Just about all my self-worth depended on the size of my jeans and the number on the scale.
I was about fifty pounds lighter on my wedding day than I am right now.
I was also super unhealthy.
I smoked at least a pack a day. I drank pretty regularly. I didn’t eat much.
Here I am on my honeymoon:
I was pretty thin, but I had almost no muscle tone. I was not in shape. I never worked out.
Unless you call taking the dog for a walk a workout. But I smoked while I took him for a walk.
So that probably doesn’t count.
I looked alright on the outside, but I was not taking care of myself.
And don’t even get me started on the status of my mental health at this time in my life.
After I was done having kids I spent a good three or four years chasing that honeymoon body, which, as I know now, is 1) impossible and 2) pointless.
Aaaah, the beauty of your forties. (Almost fifties!)
There really is something to be said for aging. It’s such a better place to be mentally and emotionally.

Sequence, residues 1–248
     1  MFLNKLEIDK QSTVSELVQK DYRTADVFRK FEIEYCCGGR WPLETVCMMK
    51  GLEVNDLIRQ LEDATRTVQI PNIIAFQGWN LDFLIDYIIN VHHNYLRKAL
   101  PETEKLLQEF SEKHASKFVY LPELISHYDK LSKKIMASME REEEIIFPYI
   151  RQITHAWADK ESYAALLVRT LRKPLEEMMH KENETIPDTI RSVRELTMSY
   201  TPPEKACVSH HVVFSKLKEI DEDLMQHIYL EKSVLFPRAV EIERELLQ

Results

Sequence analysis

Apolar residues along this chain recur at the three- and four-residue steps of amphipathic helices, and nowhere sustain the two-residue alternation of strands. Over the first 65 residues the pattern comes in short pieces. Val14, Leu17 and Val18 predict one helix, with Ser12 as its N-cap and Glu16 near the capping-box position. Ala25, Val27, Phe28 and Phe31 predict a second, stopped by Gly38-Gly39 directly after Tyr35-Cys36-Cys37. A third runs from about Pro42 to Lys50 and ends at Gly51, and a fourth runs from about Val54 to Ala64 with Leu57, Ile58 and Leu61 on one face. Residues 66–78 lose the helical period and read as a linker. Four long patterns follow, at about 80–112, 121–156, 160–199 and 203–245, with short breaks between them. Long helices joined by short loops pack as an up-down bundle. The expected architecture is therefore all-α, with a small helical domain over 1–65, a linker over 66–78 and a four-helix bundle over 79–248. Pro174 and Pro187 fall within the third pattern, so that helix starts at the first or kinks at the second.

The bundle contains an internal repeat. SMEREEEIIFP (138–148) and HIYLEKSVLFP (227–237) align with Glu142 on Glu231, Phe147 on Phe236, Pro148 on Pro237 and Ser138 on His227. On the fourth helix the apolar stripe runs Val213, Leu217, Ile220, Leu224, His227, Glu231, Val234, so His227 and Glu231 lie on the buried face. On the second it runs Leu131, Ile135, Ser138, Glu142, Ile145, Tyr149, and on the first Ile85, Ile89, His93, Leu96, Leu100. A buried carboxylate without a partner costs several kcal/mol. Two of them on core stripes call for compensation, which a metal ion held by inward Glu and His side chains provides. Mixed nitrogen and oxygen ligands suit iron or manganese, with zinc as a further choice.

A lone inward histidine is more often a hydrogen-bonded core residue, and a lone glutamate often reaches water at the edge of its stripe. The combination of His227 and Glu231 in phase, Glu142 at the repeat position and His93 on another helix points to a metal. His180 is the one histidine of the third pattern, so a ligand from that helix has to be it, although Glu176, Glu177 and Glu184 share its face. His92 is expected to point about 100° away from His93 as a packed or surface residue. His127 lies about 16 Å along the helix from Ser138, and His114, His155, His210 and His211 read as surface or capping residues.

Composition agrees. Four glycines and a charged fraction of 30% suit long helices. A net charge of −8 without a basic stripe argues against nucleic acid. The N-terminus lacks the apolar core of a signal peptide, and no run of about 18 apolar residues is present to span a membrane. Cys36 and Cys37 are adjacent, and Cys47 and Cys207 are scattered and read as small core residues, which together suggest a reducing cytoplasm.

But just because I am comfortable in my skin and confident no matter what my size, it doesn’t mean that I don’t want to make changes in my body.
Because I do.
This is partially because when I put on weight, it goes right to my middle. And that’s like the worst place for a woman to carry weight when it comes to your overall health.
That belly fat really ups your chances of dying from heart disease.
And I don’t know about you, but I don’t really plan on making my exit from this world that way.
So changing my body is mostly about improving my health and reducing my risk of heart disease.
Then there is that aging thing, too…
There’s a lot of stuff I wanna do when the kids are all (hopefully someday) off on their own. And if I don’t take care of my body, I’m not gonna be able to do it.
I have big plans for my sixties and seventies.
So I really want to be in fighting shape when I get there.
That’s another big reason why I exercise and why I want to change the composition of my body.
So after neglecting myself for much too long, I re-committed to taking care of myself 59 weeks ago.
That’s a long time, right?
You’d think I’d be really fucking shredded by now.
But I’m not.
Because while I do exercise almost every day, and while I have run a marathon and completed two triathlons in the last 11 months, I still have stuff I’m working on.
I still have bad habits. I still turn to food as a stress reliever sometimes. Not as much as I used to, but I still do it.